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Radiesthesia is the mental or physical ability of some individuals to detect energy fields around life forms or the energies emitted in particular places. Mental radiesthesia practitioners claim the ability to feel, sense, or see colored auras around people. Physical practitioners often use diving rods or pendulums as compasses for detecting mineral or water sources located underground. Both kinds of practitioner may use these detection talents in the practice of alternative medicine.
Mental radiesthesia advocates believe that aura-detection ability originated thousands of years ago in ancient Egypt. They claim that artwork depicting halos around the heads of gods and royalty is evidence of this. Greeks and Romans followed suit, incorporating these symbols into their artwork. Figures emitting a radiant glow are also seen in many paintings depicting Christ, the Virgin Mary, and the angels. The art of some Middle Eastern cultures also displays auras or halos around figures with the status of deities.
Oriental cultures call this energy chi and Indian cultures refer to centers of this energy as chakras. In the late 1800s, individuals claimed to visualize colored auras on either end of magnets. People who practice this form of radiesthesia suggest that all living things contain and emit energy and that the energy produces vibrational fields. Though some hold that the parapsychological ability to see auras is an inborn trait, others believe that the talent can be learned.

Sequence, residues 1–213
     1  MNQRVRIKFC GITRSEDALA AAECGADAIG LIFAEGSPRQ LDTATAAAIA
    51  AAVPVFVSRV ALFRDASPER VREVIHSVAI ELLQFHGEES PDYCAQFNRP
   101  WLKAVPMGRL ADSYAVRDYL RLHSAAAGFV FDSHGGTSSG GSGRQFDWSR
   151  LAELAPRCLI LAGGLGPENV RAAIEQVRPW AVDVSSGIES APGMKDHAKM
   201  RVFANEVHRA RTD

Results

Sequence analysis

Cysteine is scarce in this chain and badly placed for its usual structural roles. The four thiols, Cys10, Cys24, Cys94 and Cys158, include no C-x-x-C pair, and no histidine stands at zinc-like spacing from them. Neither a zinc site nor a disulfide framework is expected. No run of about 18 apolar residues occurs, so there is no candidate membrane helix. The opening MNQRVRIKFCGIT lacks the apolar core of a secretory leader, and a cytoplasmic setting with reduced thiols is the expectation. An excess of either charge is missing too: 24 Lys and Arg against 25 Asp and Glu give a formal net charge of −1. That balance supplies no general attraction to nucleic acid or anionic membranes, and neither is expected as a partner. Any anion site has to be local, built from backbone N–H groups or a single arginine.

Practitioners claim that people exhibit at least three layers of auras. The first layer supposedly protects the body while the other two represent mood and personality traits. Auras appear as single or multiple colors simultaneously. Radiesthesia specialists suggest that the shape and color of this energy changes throughout the day, depending on mood and physical well-being. Masters in the art of Oriental qigong claim the ability to diagnose and treat physical ailments by manipulating auras.
The earliest indicated use of physical radiesthesia supposedly occurred thousands of years ago as recorded on ancient Chinese and Egyptian images of individuals holding dowsing rods or suspended pendulums. The practice was continued by many cultures during the medieval period. In the early 1900s, a French Catholic priest named Abbe Alexis Bouly showed an uncanny ability to detect the location of water buried underground. After World War I, communities reportedly commissioned Bouly to locate and identify unexploded shells. Bouly and others also turned to pendulums as a form of diagnosing illness.
By holding a suspended pendulum over a patient's body, disruptions in energy fields, produced by illness, supposedly cause the object to rotate. Besides locating natural resources hidden below the ground, modern uses of radiesthesia include analyzing business ventures and detecting harmful radiation. Using a process known as teleradiesthesia, practitioners hold a pendulum over a map to locate missing persons. Some researchers suggest that electromagnetic energy fields allow animals to locate buried water, find migratory locations, and reconnect with owners hundreds of miles away.